This chart shows some of the possible diagnoses for lower back pain alongside other symptoms. Bear in mind that these aren’t the only possibilities, so get advice from a doctor to discuss your specific symptoms.
|Pulled muscle (strain)
|Cauda equina syndrome
|Irritable bowel syndrome
NHS lower back pain exercises and physiotherapy
There are several exercises the NHS recommends for treating low back pain. These are normally designed to [5-6]:
- Strengthen your back and core — Muscles in the back and abdomen must be strong to support your spine and help you maintain a good posture.
- Heal tissue around the spine — Exercise promotes blood flow and encourages healing around your affected joints.
- Promote a positive mindset — Regular exercise releases endorphins to make you feel more positive about your condition, helping you cope with the pain.
- Prevent joint stiffness — Stop your spinal joints and back muscles getting stiff with regular stretches.
Here are three commonly recommended lower back pain exercises from the NHS.
1. Bridge pose
Bridge pose is a good way to strengthen your glutes, providing your low back with a stronger base. Lie on your back with your legs bent and your feet flat on the floor. Slowly lift your pelvis and spine off the ground and hold them in a diagonal line from your head to your knees. Hold for several seconds, then lower the spine and pelvis with control.
2. Knee rolling
Start in the same position as for bridge pose. Draw your stomach muscles in, then move your knees from side to side. This is a helpful pose if you have spinal stenosis.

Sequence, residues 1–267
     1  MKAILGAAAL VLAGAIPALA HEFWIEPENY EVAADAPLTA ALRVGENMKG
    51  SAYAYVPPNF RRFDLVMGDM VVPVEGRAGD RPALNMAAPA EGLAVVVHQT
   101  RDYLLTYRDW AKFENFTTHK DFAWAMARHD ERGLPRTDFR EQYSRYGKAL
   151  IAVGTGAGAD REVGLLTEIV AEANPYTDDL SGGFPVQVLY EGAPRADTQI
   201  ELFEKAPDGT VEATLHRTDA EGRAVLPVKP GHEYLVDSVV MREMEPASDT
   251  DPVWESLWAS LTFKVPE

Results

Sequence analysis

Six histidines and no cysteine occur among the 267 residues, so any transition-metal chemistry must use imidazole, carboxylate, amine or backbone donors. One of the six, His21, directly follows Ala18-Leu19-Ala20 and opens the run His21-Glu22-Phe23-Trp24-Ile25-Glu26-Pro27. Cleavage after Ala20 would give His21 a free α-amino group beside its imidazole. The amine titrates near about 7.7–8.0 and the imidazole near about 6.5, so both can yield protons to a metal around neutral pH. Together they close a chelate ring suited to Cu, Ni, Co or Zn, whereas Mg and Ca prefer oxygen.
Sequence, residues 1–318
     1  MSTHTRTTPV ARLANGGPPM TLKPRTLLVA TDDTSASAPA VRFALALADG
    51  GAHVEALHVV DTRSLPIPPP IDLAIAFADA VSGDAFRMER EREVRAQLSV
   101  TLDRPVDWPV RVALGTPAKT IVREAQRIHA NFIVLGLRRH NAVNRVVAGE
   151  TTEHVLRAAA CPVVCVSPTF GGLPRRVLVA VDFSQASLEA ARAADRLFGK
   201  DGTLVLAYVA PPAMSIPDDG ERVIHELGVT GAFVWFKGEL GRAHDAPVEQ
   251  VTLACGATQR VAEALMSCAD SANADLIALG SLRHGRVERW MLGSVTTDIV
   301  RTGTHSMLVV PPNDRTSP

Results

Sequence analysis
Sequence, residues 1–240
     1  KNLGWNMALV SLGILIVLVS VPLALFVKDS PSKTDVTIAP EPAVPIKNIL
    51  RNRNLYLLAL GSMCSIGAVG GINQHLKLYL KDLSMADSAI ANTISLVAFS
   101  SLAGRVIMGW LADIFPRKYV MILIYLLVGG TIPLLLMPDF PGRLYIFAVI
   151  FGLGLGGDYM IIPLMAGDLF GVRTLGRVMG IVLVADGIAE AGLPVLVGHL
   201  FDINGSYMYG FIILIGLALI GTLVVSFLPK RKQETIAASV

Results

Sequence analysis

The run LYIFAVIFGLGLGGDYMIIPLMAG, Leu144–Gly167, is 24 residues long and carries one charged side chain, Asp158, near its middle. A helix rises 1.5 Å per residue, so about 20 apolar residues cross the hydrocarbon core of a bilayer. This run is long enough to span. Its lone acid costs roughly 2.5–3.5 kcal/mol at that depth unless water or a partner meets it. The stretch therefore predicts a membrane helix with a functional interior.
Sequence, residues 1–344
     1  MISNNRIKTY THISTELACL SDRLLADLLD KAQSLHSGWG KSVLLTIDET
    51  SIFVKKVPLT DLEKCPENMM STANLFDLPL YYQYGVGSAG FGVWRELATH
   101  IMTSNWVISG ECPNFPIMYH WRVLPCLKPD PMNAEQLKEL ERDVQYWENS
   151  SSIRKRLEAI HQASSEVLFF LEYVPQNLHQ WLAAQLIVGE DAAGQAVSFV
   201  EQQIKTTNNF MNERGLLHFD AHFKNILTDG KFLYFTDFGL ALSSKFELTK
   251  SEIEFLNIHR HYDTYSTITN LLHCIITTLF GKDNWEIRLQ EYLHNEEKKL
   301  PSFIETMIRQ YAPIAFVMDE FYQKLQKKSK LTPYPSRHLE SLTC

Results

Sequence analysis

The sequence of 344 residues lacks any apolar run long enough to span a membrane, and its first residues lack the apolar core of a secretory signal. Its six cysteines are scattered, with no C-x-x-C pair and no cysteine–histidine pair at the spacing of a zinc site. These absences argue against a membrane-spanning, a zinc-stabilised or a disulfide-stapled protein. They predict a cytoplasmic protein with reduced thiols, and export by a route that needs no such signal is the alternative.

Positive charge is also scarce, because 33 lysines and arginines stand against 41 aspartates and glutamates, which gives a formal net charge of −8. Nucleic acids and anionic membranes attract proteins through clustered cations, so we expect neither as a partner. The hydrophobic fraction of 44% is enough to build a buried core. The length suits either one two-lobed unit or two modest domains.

Pilates consists of lots of different exercises designed to strengthen your core and back muscles. It’s ideal for those who have been advised to strengthen and tone the abdominal and core muscles to provide extra spine stability.
What is the best thing for lower back pain?
The best things you can do to treat lower back pain include:
- Getting a diagnosis — Many cases of low back pain are non-specific, but you may be able to pinpoint a direct cause with diagnostic imaging and other tests. This can help you find an appropriate, effective treatment more quickly.
- Staying active — Unless your doctor has advised you otherwise, it’s best to keep moving despite lower back pain. Bed rest can make your joints stiffen up and lead to muscle weakness.
- Talking to a back pain specialist — While your NHS GP can give you good advice around first-line treatments, chronic or relentless back pain should be tackled by a back pain specialist. At Harley Street Specialist Hospital, you can access advice and support from the UK’s largest pool of pain management specialists.
- Don’t ignore back pain red flags — If you have numbness around your genitals or buttocks, shooting pains in both legs, or loss of bladder/bowel control alongside low back pain, seek immediate medical attention.
Alternatives to NHS care for low back pain
Many patients turn to private healthcare when they have low back pain, due to the limited resources of the NHS. Private back pain care means you can get seen more quickly — at Harley Street Specialist Hospital, we can often assess, diagnose, and treat your back or spine condition the same day.
Book an appointment at our London back pain clinic to get a diagnosis for your low back pain.